The property settings for the controls
Default name
Label1 Label2 Label3 Label4 Text1 Text2 Text3 Text4

Property
Caption Alignment Caption Alignment Caption Alignment Caption Alignment Name Text Name Text Name Text Name Text Enabled Name Caption Default Name Caption Cancel

Setting
Monthly Investment 1 – Right Justify Yearly Interest Rate 1 – Right Justify Number of Years 1 – Right Justify Future Value 1 – Right Justify txtMonthlyInvestment (empty) txtInterestRate (empty) txtYears (empty) txtFutureValue (empty) False cmdCalculate &Calculate True cmdExit E&xit True

Command1

Command2

Figure 1-7

The property settings for the Calculate Investment form

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The basics of Visual Basic programming

How to save a project and its forms
When you use Visual Basic, you work with a project file and one or more form files. To save changes to your project file and all form files, you can click on the Save Project button in the toolbar. The first time you click on this button, Visual Basic prompts you with dialog boxes like the ones shown in figure 1-8. The first dialog box is used to save the form file while the second dialog box is used to save the project file. When you complete these dialog boxes, Visual Basic automatically adds the frm extension for form files and the vbp extension for project files. Most of the time, you’ll want to save all the files for a project in their own folder. In this figure, for example, you can see that both the project file and the form file are being saved in a folder called Chapter 1. That makes it easier for you to manage the files for a project. If you’ve entered a Name property for the form, Visual Basic displays that name in the Save As dialog box for the form. Since that’s usually the name you want, it makes sense to set the Name property before you save the form. In this figure, for example, the form file is being saved as frmCalculateInvestment. On the other hand, the project file is being saved as Financial Calculations because the project will eventually contain another form that performs a different type of financial calculation. After you’ve saved a project and its forms, you can see the names you’ve used in the Project Explorer window.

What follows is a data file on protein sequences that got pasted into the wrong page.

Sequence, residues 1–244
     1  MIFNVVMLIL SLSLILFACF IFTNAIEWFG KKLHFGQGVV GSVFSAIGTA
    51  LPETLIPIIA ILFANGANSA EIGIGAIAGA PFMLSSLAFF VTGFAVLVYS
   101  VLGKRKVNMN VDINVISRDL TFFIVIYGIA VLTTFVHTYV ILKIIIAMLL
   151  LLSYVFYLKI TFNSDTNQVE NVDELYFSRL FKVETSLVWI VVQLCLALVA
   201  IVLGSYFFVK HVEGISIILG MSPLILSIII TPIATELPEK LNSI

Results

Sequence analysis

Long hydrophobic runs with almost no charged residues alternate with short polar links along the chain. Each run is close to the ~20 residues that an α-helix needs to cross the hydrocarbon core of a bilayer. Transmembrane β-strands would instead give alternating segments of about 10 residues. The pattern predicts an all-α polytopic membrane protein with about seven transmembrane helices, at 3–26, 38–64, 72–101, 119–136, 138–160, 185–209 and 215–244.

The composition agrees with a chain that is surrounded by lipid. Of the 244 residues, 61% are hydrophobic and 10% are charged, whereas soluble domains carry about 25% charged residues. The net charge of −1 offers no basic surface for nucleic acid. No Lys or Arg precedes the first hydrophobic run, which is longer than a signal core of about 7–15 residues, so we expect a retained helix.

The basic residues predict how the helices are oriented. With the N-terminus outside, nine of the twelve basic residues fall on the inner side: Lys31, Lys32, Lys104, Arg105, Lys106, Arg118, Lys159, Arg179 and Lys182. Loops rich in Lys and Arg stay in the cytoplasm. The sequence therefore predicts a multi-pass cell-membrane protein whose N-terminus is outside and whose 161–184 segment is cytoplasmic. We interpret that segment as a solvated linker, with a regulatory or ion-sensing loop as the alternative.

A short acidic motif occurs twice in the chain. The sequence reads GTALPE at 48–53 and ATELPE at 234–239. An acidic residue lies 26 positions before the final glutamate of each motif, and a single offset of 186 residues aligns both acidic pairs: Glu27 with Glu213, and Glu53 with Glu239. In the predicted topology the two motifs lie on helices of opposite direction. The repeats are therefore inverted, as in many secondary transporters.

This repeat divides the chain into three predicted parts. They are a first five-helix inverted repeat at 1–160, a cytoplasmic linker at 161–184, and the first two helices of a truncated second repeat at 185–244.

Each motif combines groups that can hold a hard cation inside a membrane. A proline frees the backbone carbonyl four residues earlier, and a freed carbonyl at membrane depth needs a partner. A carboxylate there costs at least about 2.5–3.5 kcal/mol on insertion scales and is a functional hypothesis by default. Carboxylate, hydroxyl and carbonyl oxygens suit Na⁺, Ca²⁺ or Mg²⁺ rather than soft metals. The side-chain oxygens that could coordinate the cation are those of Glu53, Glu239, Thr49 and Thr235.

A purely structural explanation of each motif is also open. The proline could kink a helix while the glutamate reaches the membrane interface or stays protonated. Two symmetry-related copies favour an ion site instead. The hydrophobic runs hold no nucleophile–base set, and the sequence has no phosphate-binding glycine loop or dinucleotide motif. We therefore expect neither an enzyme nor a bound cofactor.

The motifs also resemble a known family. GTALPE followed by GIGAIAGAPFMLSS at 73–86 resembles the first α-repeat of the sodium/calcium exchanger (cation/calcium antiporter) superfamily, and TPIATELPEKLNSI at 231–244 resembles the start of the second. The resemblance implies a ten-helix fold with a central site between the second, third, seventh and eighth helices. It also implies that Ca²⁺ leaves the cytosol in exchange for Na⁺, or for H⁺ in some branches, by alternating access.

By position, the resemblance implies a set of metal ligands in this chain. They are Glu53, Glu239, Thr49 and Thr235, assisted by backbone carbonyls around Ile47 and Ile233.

How to test a project
When your project contains only one form, you can test that form by clicking on the Start button in the toolbar or by pressing F5 as summarized in figure 1-8. Then, the form will run in its own window. As you would expect, you can stop this form from running by clicking on the Close button in the upper right corner. You can also stop it by clicking on the End button in the Standard toolbar of Visual Basic.

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The dialog boxes for saving the form and project files

How to save a project and its forms
• To save a project and its forms for the first time, click on the Save Project button in the toolbar. Visual Basic then asks you to provide a name for each form as well as a name for the entire project. Once saved, you can click on the Save Project button to save the updated versions of the forms and project at any time. Or, to save the changes to the current form only, you can press Ctrl+S. If Visual SourceSafe has been installed on your PC, a dialog box may ask whether you want the project added to SourceSafe the first time you save a project. If so, click on the No button since SourceSafe is designed for version control when two or more people are working on the same project.